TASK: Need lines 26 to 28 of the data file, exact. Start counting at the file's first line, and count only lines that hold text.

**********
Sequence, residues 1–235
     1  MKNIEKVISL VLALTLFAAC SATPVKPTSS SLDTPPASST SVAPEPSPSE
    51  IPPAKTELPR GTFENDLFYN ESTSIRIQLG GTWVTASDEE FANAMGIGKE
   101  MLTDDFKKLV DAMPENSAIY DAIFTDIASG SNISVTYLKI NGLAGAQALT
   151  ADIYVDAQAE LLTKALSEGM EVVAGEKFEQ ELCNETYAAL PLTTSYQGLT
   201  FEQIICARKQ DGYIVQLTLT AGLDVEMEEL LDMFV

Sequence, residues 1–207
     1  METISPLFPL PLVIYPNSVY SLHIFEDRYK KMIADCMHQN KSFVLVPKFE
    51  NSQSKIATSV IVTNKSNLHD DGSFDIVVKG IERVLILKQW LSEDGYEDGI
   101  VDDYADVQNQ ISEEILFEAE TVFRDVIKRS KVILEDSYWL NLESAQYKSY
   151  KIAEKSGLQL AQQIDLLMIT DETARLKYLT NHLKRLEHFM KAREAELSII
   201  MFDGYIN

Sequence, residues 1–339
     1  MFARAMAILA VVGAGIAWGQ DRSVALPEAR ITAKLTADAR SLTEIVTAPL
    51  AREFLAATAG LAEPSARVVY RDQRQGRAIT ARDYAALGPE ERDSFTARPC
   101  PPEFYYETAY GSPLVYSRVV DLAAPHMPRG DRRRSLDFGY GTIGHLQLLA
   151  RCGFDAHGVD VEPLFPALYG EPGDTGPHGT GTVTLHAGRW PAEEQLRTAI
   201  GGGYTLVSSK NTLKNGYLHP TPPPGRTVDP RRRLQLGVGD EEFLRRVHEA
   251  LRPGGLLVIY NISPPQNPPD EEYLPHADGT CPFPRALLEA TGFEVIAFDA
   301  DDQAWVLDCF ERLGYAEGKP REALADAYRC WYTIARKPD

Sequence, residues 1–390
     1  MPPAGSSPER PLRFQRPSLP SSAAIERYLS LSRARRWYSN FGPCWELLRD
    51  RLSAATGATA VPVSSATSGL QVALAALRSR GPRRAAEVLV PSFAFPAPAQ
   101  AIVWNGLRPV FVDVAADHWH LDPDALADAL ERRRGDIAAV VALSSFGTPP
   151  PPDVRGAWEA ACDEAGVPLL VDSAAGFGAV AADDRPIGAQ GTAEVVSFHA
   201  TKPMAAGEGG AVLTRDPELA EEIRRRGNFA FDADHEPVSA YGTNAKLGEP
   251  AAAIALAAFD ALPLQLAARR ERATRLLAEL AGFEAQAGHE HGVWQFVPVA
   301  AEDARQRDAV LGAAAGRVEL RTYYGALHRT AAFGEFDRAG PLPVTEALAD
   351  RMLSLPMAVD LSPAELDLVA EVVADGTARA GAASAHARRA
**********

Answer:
   201  TKPMAAGEGG AVLTRDPELA EEIRRRGNFA FDADHEPVSA YGTNAKLGEP
   251  AAAIALAAFD ALPLQLAARR ERATRLLAEL AGFEAQAGHE HGVWQFVPVA
   301  AEDARQRDAV LGAAAGRVEL RTYYGALHRT AAFGEFDRAG PLPVTEALAD